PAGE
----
In-ear earphones, especially when combined with custom molds for your ear canals give you the greatest isolation possible (as much as 36 dB or more, depending on fit) without having to resort to noise canceling circuitry. Because of their small size and good fit, they tend to be more comfortable for long flights.

Just for your reference, a 6 dB SPL gain or loss in level is technically double or half the volume respectively. Some in my industry argue that perhaps 10 dB SPL gain or loss is what the average person *perceives* to be a doubling or halving of volume respectively. dB SPL follows a 20log relationship.
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Old May 18, 08, 8:00 pm
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Originally Posted by Arthurrs View Post
The ear protection muffs that fit over your ear and are commonly used for construction or industry are around 20-24 dB of isolation, but they are so tight on your head you'd go nuts after an hour of wearing them, the seal around the ears being critical to their performance. .
I'm heading to the Indianapolis 500 this weekend and for years I've been wearing industrial ear protection. I also snake some earbuds inside so I can listen to the radio broadcast.

Now, I've since obtained a pair of QC3's, but from the sound of this thread, they probably wouldn't do better than the industrial gear I wear, as the race is extremely noisey. I'd like to try the QC3's since I don't have to use earbuds, but I prefer the protection over the comfort.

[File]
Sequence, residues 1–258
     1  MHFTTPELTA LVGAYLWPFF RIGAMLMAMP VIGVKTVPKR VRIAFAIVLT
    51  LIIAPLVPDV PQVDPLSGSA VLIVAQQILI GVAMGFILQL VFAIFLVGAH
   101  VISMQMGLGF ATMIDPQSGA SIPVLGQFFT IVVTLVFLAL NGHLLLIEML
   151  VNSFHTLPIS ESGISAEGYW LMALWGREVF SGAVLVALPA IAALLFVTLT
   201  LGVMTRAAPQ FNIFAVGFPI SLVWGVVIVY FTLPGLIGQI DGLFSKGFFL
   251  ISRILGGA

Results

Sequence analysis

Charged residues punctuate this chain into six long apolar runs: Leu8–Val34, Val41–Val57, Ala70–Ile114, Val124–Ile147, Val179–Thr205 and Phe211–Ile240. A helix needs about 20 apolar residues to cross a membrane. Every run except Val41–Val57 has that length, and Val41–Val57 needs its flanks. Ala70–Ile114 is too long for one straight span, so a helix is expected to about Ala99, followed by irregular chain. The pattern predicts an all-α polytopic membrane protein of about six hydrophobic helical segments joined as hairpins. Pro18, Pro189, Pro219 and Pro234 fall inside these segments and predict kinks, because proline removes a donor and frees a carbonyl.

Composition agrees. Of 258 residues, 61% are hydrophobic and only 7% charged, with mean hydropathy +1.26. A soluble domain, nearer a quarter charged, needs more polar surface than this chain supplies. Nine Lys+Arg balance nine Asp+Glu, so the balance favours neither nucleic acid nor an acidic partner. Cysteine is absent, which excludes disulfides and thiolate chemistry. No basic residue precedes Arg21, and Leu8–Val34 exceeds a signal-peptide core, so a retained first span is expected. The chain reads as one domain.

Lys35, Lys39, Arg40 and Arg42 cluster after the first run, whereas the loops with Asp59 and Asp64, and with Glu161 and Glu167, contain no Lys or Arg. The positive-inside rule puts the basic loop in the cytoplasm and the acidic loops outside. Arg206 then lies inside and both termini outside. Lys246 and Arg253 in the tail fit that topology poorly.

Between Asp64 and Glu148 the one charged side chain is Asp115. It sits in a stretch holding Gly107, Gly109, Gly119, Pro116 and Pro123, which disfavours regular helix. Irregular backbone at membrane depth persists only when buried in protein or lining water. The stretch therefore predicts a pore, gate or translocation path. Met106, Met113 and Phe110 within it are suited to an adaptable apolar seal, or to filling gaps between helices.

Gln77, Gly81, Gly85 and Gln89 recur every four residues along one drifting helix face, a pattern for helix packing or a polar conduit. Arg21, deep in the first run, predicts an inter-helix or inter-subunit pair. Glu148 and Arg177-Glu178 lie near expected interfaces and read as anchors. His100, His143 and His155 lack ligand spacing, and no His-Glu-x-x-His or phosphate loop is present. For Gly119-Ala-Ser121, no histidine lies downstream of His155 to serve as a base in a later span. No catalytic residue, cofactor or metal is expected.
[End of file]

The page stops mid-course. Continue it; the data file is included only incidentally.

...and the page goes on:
Anyone else try Bose at the races?
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Old May 18, 08, 8:16 pm
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I have Etymotic ER4 noise isolation and the ever-popular Bose QC3 noise cancelling. I like them both but for different reasons.

Noise Isolation
+ small enough to put in your pocket
+ good to use on subway / metro etc
+ no batteries
+ decent sound quality

- if I move around (walking for example) I can "hear" the headphones; i.e. I get this "thump thump" sound as my feet hit the pavement. It's extremely annoying and to me, it makes the headphones useless unless I'm sitting down in an airplane or on the metro
- sound quality is decent but not as good as my Bose. I often wonder if the Shure will sound better than Etymotic but I've never tried them
- After 5+ hours, I find it hurts to have something stuck in my ears
- The noise isolation works basically by inserting a small sound tube surrounded by a thin rubber membrane. Although this doesn't happen often, air pressure changes on an airplane can be frightfully difficult to deal with when your inner ear is isolated from your surroundings by a thin rubber membrane. The solution of course is to remove the headphones, but even at cruising altitude this can be an occasional annoyance.
- Noise isolation works well, but I find that I do have to turn the volume a little higher then with my noise cancelling. It's possible this is an efficiency thing (impedence of the headphones for example)

Noise Cancelling
+ Generally pretty good sound